- get_repeat: Retrieves all repeats for the regions
- get_sequence: Retrieves genomic sequence
- get_tfbs: Retrieves all transcription factor binding site objects for the regions. If query param histogram=true, frequency values per genomic interval will be returned instead.
- get_transcript: Retrieves all transcript objects for the regions
- get_variation: Retrieves all the variant objects for the regions. If query param histogram=true, frequency values per genomic interval will be returned instead.

INFO: We can get the accepted parameters and filters for a specific method of interest by using the get_help method: rc.get_help('get_gene', show_params=True)

Once we have our data-specific client, we can query the database with our query of interest and get the JSON response returned by CellBase.

In [11]:
regions_info = rc.get_gene('17:43045767-43046767,13:32317272-32318272', assembly='GRCh38')

INFO: Multiple queries can be passed as comma-separated values ('17:43045767-43046767,13:32317272-32318272') or as a Python list (['17:43045767-43046767', '13:32317272-32318272'])

The obtained response is a list of results for each query. In this case we have asked for information for two different regions so our response has two elements:

In [12]:
region1_result = regions_info[0]['result']  # 17:43045767-43046767
region2_result = regions_info[1]['result']  # 13:32317272-32318272


Now that we have the CellBase JSON output, it's just a question of navigating through it to retrieve the information of interest.

In [13]:
genes = []
for region in regions_info:
for gene in region['result']:
genes.append(gene['name'])
genes

Out[13]:
[u'BRCA1', u'BRCA2']

We have found two genes overlapping our regions of interest. Our next step is getting the variants within those genes. To get information from genes, we get the gene-specific client:

In [14]:
gc = cbc.get_gene_client()


In this example, as there are a lot of variants in these genes, we are going to limit the returned results to 5 variants per gene (limit=5), skipping the first 1100 variants (skip=1100):

In [15]:
genes_info = gc.get_snp(genes, assembly='GRCh38', limit=5, skip=1100)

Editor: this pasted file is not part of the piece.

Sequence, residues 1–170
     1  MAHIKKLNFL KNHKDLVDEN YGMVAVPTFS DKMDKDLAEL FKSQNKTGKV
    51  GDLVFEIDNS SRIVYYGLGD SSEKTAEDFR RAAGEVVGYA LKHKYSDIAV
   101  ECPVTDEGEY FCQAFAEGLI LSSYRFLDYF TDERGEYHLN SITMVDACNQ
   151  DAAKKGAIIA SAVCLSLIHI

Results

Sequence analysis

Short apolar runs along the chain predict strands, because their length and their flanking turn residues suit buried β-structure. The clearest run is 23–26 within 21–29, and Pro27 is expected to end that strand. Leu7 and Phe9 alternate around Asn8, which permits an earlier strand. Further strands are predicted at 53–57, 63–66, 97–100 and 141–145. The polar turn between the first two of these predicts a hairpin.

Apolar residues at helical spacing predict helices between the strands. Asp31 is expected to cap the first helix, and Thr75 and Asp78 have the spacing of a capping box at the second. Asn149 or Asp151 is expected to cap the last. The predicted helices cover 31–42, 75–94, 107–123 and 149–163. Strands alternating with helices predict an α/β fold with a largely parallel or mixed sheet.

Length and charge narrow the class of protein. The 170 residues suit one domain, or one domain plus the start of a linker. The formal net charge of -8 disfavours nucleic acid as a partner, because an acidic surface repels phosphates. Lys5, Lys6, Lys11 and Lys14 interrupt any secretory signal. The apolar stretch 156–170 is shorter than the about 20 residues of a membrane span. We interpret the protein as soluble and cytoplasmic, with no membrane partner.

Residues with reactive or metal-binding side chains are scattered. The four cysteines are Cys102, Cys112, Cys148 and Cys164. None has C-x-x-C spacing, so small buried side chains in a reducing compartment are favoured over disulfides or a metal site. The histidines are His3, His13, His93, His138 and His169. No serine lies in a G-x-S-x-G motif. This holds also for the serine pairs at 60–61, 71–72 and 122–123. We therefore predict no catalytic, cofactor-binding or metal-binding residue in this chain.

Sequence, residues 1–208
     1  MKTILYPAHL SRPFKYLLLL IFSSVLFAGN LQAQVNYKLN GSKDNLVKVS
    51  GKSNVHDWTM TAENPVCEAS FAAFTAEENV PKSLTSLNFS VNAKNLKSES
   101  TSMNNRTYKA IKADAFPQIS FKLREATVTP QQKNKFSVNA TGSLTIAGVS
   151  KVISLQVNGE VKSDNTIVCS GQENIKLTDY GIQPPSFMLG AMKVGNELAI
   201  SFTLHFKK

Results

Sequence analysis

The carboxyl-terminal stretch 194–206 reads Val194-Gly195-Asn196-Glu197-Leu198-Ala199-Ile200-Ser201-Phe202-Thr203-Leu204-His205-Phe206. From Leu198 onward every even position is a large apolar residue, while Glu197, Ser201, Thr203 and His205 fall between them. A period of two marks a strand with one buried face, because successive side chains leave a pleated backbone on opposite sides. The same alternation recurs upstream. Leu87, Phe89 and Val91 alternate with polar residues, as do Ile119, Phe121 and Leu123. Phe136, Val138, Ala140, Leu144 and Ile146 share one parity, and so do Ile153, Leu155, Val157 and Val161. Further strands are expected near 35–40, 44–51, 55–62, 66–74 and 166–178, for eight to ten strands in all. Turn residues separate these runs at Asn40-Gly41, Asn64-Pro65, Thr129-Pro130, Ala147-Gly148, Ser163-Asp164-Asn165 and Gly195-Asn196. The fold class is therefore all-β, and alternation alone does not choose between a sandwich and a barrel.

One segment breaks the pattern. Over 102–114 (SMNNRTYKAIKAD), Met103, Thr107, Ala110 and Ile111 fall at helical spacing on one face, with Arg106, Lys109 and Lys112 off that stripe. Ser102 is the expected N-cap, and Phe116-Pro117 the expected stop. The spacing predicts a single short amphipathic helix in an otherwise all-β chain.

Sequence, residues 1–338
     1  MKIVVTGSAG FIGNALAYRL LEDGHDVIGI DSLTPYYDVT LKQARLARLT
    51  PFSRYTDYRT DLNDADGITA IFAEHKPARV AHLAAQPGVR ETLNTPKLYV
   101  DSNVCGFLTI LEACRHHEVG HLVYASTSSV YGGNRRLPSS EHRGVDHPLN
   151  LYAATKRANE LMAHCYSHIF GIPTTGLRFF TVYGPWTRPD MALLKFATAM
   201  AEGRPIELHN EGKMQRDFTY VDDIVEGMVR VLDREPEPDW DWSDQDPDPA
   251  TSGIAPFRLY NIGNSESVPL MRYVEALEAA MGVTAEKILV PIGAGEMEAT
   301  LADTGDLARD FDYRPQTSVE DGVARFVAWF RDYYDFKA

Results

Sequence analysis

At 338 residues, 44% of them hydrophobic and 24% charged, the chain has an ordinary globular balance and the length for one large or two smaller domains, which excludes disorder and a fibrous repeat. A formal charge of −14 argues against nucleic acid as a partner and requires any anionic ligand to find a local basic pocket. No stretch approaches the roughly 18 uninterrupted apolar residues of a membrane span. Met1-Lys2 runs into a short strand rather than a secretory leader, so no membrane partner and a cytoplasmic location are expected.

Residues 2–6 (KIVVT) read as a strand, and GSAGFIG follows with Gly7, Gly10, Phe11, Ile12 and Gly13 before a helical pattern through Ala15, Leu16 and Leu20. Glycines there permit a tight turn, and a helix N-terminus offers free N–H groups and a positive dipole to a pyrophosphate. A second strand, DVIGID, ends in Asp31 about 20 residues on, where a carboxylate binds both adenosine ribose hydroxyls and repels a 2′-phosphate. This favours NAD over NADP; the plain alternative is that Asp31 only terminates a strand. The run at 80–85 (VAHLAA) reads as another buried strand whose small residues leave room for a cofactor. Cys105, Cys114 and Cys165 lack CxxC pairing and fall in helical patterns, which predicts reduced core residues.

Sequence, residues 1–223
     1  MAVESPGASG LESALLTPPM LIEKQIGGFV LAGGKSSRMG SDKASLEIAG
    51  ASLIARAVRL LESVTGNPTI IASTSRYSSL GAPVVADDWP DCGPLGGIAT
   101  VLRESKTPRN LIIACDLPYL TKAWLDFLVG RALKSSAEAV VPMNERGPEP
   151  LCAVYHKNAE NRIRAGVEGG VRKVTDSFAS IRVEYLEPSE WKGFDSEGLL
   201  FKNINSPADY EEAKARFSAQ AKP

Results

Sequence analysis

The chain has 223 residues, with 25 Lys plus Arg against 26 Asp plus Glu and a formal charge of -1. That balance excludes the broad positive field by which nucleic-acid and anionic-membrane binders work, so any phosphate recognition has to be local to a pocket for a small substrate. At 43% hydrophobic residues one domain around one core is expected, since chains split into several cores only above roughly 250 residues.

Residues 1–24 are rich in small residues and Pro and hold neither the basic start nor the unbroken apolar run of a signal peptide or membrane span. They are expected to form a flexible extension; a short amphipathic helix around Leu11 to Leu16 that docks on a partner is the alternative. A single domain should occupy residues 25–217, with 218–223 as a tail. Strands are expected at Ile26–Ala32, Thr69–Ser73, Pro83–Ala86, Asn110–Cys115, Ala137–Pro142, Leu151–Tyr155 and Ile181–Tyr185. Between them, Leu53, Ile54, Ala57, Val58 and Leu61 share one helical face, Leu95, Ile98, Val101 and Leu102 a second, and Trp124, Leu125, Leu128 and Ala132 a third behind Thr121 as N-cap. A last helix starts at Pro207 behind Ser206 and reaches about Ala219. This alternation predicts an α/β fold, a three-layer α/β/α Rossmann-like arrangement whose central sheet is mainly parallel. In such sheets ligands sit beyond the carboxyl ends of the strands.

As before, once we get the response, we just need to navigate through the output JSON to get the information of interest:

In [16]:
variants = []
for gene in genes_info:
for variant in gene['result']:
variants.append(':'.join([variant['chromosome'], str(variant['start']), variant['reference'], variant['alternate']]))
variants

Out[16]:
[u'17:43045767:G:A',
u'17:43045768:G:A',
u'17:43045769:G:A',
u'17:43045770:TCACC:T',
u'17:43045772:A:G',
u'13:32317262:T:C',
u'13:32317271:G:C',
u'13:32317272:C:A',
u'13:32317275:A:G',
u'13:32317298:A:G']

After getting the variants, the last step is selecting those ones whose consequence is missense (SO:0001583). To get information from variants, we get the variant-specific client:

In [17]:
vc = cbc.get_variant_client()


As before, we query the database and navigate through the output JSON to select our variants of interest.

In [18]:
# Querying the database
variants_info = vc.get_annotation(variants, assembly='GRCh38')

# Navigating the output
missense_variants = []
for index, variant in enumerate(variants_info):
# Getting variant consequences
for consequence in variant['result'][0]['consequenceTypes']:
# Filtering by Ensembl transcript ID
if 'ensemblTranscriptId' in consequence and consequence['ensemblTranscriptId'] in ['ENST00000357654', 'ENST00000544455']:
# Filtering by missense variant (SO:0001583)
if 'SO:0001583' in [so['accession'] for so in consequence['sequenceOntologyTerms']]:
missense_variants.append(variants[index])
missense_variants

Out[18]:
[u'17:43045769:G:A', u'17:43045772:A:G']

Finally, we have found two missense variants appearing in the genes of our region of interest.